- The End of the Line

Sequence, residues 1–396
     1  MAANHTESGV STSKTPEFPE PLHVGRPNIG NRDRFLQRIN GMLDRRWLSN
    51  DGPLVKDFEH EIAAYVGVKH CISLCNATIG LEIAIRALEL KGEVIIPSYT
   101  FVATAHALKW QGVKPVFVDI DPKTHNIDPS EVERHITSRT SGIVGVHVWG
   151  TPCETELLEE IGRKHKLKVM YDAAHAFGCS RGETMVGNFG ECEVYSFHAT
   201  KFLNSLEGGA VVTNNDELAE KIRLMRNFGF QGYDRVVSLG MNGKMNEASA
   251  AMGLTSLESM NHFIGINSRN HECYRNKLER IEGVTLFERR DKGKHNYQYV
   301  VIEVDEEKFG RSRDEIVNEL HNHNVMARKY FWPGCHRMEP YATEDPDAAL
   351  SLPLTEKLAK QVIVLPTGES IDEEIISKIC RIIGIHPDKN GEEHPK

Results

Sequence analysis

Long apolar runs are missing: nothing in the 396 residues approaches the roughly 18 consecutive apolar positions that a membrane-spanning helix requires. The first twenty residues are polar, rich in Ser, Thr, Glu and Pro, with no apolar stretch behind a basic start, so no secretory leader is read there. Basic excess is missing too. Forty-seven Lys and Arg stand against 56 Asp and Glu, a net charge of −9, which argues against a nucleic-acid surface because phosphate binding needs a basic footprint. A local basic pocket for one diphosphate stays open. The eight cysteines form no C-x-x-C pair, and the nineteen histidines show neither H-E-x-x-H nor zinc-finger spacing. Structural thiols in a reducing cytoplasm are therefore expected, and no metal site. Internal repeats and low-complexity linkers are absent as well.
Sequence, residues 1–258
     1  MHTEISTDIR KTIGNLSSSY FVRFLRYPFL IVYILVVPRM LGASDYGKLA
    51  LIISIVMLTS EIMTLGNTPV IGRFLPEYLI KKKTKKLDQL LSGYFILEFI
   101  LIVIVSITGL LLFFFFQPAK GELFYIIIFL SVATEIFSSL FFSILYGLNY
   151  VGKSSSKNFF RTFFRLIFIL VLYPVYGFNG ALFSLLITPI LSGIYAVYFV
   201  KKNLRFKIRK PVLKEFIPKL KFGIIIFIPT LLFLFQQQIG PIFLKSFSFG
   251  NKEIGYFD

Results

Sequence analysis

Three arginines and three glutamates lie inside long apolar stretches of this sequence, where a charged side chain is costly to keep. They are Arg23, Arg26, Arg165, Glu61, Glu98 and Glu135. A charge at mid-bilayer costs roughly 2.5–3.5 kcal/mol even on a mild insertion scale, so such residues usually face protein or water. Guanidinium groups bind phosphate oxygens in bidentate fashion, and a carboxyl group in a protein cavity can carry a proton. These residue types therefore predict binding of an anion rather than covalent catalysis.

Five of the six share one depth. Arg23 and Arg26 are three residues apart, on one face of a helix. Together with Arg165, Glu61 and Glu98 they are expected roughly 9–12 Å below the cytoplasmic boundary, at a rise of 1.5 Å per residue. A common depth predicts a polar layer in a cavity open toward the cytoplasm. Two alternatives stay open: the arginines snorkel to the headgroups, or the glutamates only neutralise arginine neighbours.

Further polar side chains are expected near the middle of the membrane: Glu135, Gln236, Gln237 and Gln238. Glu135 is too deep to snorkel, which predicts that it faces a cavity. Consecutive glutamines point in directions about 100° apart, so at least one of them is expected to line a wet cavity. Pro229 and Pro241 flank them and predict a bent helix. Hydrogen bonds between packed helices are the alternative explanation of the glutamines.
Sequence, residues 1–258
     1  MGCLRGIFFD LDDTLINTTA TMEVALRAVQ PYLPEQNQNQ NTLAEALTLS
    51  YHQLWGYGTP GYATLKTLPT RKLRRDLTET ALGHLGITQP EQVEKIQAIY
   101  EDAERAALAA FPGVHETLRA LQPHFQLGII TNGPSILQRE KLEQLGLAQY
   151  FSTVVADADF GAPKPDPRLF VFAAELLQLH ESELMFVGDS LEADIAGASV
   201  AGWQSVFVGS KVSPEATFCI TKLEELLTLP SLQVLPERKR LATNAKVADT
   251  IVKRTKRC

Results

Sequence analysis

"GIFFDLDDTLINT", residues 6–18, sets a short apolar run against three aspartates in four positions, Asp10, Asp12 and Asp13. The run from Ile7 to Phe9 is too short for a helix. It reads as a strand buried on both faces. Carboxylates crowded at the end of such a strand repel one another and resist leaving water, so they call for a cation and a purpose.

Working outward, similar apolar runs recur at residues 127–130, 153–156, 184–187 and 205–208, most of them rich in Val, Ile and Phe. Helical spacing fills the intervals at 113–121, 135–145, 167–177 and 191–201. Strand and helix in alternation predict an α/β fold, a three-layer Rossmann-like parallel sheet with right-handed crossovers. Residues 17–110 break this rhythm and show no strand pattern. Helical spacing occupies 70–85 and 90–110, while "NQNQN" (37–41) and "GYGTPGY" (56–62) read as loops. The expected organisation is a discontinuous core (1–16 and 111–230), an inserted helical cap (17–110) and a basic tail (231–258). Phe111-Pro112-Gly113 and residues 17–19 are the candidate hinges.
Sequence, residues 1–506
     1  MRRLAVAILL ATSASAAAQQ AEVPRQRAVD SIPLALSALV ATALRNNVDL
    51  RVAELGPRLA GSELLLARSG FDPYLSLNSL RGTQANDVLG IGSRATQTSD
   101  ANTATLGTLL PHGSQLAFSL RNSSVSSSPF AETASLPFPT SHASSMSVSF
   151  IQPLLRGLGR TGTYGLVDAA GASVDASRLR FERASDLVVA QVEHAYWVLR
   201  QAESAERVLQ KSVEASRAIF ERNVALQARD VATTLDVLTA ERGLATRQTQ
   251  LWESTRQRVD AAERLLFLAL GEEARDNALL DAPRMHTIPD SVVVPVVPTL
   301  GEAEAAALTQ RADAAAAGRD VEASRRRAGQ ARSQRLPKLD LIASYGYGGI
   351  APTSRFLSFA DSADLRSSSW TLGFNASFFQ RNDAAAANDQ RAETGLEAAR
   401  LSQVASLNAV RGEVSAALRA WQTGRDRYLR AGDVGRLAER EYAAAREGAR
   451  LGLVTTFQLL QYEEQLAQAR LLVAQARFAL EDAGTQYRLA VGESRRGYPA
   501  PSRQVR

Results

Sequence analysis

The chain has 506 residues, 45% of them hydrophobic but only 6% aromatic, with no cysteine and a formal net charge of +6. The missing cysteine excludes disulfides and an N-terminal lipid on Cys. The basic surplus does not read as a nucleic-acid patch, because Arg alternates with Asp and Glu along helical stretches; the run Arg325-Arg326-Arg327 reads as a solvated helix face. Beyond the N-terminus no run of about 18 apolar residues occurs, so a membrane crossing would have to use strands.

Confined alone in a locked room, punished until he writes what the authorities in Great Oaks School think he ought to, Robbie can’t help but privately believe that he’s finally getting the treatment he deserves. Interspersed flashbacks reveal the guilt-ridden Robbie’s ambivalent relationship with Ryan, a troubled fellow sixth-grader, who’s sometimes Robbie’s staunchest supporter and sometimes a thorn in his side. Meanwhile, as Robbie negotiates the school’s severe strictures, it’s revealed that Ryan eventually died at Robbie’s own hands. The creepy, controlling atmosphere and the crafty limits on information shared with the reader give this narrative a suspenseful dystopian flavor, and indeed it’s only gradually clear that it’s actually a contemporary realistic—if harsh—story. The unfolding of the plot is absorbing, with Ryan revealed to be a kid from a deprived and wounded family who has some serious social difficulties, and Robbie fighting his own demons in regards to his father’s lack of attention and his beloved uncle’s serious injury in Iraq. As is so often true in fiction, the actual revelation of the truth (that Ryan died accidentally as the two boys were fighting) isn’t as compelling as the journey to it, but it’s a sufficiently taut and mysterious journey that readers will be satisfied just to get the answers to their many questions.